A company can have just a handful of accounts, or it can have hundreds. It just depends on the complexity of the business operations. Every time a company takes any financial action, it gets recorded as a debit and a credit to the corresponding accounts. For example, if the company borrows $500 from the bank, it records an accounting entry to the cash account and the liability account.

The confusion about credits and debits is that they don’t always mean what you think they do. For instance, notice that the previous example increases the company’s cash and also increases the amount it owes. But increases cannot mean that you credit each account. You must credit one and debit the other.

So, in this example of borrowing money, you credit accounts payable (liability account). And, although it is counterintuitive, you have to debit the cash account (an asset).

When the trial balance is prepared, all of the debits and credits from each account are tallied. Then the sum of the account activity gets placed in the debit or credit column for each account.

What is the purpose of the trial balance?

Accountants prepare a trial balance at the end of an accounting period. It is the first step in closing the books for the month, quarter, or year. Once the records are closed, no more entries can be made. At that point, the accounting team will begin preparing the financial disclosures for the company. Locating an error in the middle of putting the financial statements together can cause a significant headache. It might even require starting the process over. So the purpose of a trial balance is to catch any obvious problems before putting too much effort into the process.

Auditors also require a trial balance at the beginning of an audit. The purpose of the trial balance, in that case, is to get a good overview of the ledger accounts. From there, the auditor can start their exploration into the records and make sure that everything evens out the way it is supposed to.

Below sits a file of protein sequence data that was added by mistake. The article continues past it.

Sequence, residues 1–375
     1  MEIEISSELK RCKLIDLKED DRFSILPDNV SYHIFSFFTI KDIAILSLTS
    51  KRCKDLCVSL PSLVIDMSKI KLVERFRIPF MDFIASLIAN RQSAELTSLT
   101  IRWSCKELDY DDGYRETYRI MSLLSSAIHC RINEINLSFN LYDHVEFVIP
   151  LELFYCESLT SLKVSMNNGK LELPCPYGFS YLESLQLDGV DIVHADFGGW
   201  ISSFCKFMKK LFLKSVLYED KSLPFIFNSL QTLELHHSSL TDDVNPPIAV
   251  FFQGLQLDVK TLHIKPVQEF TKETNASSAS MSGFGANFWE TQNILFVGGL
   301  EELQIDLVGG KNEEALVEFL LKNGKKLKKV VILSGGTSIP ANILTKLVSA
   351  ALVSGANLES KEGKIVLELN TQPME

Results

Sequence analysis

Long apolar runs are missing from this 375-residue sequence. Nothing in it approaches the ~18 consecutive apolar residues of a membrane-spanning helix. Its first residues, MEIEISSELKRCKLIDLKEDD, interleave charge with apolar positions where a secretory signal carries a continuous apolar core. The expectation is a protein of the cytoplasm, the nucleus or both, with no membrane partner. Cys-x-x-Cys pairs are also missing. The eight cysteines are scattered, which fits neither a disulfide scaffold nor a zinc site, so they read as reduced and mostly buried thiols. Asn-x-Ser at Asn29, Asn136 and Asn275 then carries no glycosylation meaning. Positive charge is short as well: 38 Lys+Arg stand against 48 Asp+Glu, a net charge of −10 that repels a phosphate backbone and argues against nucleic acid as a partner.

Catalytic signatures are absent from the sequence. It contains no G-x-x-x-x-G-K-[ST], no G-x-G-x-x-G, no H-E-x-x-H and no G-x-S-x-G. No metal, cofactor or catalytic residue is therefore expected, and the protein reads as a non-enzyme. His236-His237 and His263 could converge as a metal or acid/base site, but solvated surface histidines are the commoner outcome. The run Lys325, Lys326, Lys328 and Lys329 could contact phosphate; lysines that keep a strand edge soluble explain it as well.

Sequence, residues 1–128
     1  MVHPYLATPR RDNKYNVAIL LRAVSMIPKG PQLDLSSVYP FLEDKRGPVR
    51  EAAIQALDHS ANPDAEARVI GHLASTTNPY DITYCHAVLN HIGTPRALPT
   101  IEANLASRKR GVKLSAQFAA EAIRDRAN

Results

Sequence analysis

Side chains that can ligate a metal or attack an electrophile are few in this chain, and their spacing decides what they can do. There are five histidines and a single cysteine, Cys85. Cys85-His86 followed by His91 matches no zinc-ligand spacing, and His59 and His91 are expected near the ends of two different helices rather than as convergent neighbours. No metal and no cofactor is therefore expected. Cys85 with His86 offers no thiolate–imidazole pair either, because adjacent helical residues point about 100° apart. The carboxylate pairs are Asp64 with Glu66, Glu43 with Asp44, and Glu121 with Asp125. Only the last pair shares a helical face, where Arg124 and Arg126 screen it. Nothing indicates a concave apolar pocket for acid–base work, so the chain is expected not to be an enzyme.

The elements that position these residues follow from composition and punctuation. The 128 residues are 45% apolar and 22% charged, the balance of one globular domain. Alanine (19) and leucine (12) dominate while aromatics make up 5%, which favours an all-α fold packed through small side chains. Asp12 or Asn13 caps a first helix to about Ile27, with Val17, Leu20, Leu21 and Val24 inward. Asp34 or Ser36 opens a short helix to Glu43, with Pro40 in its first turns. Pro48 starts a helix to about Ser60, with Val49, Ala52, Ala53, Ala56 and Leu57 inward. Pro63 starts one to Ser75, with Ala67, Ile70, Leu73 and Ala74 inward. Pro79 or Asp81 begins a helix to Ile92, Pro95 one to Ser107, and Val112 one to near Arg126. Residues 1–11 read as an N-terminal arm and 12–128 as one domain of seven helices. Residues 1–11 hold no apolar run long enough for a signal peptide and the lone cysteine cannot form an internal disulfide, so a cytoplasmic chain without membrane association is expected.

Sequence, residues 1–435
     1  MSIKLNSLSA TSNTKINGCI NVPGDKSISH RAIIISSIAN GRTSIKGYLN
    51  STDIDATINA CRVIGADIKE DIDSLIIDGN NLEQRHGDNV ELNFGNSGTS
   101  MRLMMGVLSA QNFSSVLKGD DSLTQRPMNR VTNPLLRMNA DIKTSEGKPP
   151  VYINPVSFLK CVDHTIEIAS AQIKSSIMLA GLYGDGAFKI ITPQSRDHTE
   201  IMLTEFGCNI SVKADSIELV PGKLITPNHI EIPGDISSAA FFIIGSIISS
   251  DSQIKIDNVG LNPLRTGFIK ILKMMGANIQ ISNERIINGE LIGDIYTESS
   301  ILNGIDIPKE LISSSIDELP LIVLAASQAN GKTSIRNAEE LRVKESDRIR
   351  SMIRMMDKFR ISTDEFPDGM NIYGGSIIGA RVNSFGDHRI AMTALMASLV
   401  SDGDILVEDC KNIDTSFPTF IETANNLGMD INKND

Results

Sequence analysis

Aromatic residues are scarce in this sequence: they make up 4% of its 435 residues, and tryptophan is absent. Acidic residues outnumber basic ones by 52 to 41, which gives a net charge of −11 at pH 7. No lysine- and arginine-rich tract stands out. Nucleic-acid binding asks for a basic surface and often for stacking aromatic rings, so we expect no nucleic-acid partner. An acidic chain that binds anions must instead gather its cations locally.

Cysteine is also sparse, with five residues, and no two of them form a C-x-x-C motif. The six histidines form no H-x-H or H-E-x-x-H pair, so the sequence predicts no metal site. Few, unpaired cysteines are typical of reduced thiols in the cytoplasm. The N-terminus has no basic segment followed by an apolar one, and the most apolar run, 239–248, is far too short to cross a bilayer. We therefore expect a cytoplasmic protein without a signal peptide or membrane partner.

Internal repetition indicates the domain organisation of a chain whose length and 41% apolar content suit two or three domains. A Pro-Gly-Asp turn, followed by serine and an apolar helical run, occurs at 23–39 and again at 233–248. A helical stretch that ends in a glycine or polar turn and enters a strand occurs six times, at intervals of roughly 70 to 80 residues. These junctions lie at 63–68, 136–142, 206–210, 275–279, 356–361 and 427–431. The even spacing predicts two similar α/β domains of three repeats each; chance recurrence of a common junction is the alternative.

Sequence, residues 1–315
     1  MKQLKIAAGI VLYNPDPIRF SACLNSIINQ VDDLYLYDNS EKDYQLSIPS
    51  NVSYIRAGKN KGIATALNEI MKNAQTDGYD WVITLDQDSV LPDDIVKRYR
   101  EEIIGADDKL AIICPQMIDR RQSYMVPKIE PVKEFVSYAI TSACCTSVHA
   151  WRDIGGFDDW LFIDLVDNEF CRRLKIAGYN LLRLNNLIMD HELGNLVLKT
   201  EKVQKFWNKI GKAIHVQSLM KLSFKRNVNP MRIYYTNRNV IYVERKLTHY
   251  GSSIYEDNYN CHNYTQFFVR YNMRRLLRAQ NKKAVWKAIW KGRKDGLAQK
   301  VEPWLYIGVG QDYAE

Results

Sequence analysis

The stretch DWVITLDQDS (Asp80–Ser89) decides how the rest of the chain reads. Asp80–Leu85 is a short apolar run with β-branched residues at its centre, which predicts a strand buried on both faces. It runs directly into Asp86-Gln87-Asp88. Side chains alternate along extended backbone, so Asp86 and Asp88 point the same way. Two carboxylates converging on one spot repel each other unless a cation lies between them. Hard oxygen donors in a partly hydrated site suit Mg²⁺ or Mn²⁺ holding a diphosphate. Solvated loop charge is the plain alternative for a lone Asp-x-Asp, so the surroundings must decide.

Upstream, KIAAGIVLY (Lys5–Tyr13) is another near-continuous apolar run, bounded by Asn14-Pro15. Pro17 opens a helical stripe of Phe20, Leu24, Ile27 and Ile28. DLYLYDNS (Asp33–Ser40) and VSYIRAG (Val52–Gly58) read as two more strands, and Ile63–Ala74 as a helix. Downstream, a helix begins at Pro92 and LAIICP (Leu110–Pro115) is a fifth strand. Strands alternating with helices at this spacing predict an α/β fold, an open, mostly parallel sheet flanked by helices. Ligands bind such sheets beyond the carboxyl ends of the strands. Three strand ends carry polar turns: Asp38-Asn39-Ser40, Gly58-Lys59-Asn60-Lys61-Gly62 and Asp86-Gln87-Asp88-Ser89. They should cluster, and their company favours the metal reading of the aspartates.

How does a trial balance work?

A trial balance is a snapshot of the company's finances. It moves the activity from all of the subledger accounts into a general ledger. Next to each account name, the sum of all the credits or debits made during the accounting cycle is listed. This number should be equal to the difference in the account total between the beginning and the end of the period.

Once all of the accounts and values are complete, you add up the total in each column. If the numbers are different, you immediately know that something is wrong. Perhaps there is a data entry error. Or maybe depreciation wasn’t accounted for yet. There could be any number of reasons that the numbers don’t balance, but that is what the trial balance is for — At that point, the accounting team can locate the problem.

It’s also worth pointing out that just because the numbers do balance, that does not mean the books are perfect. A trial balance only flags the fact that the accounts are out of balance. It doesn’t catch any other types of errors.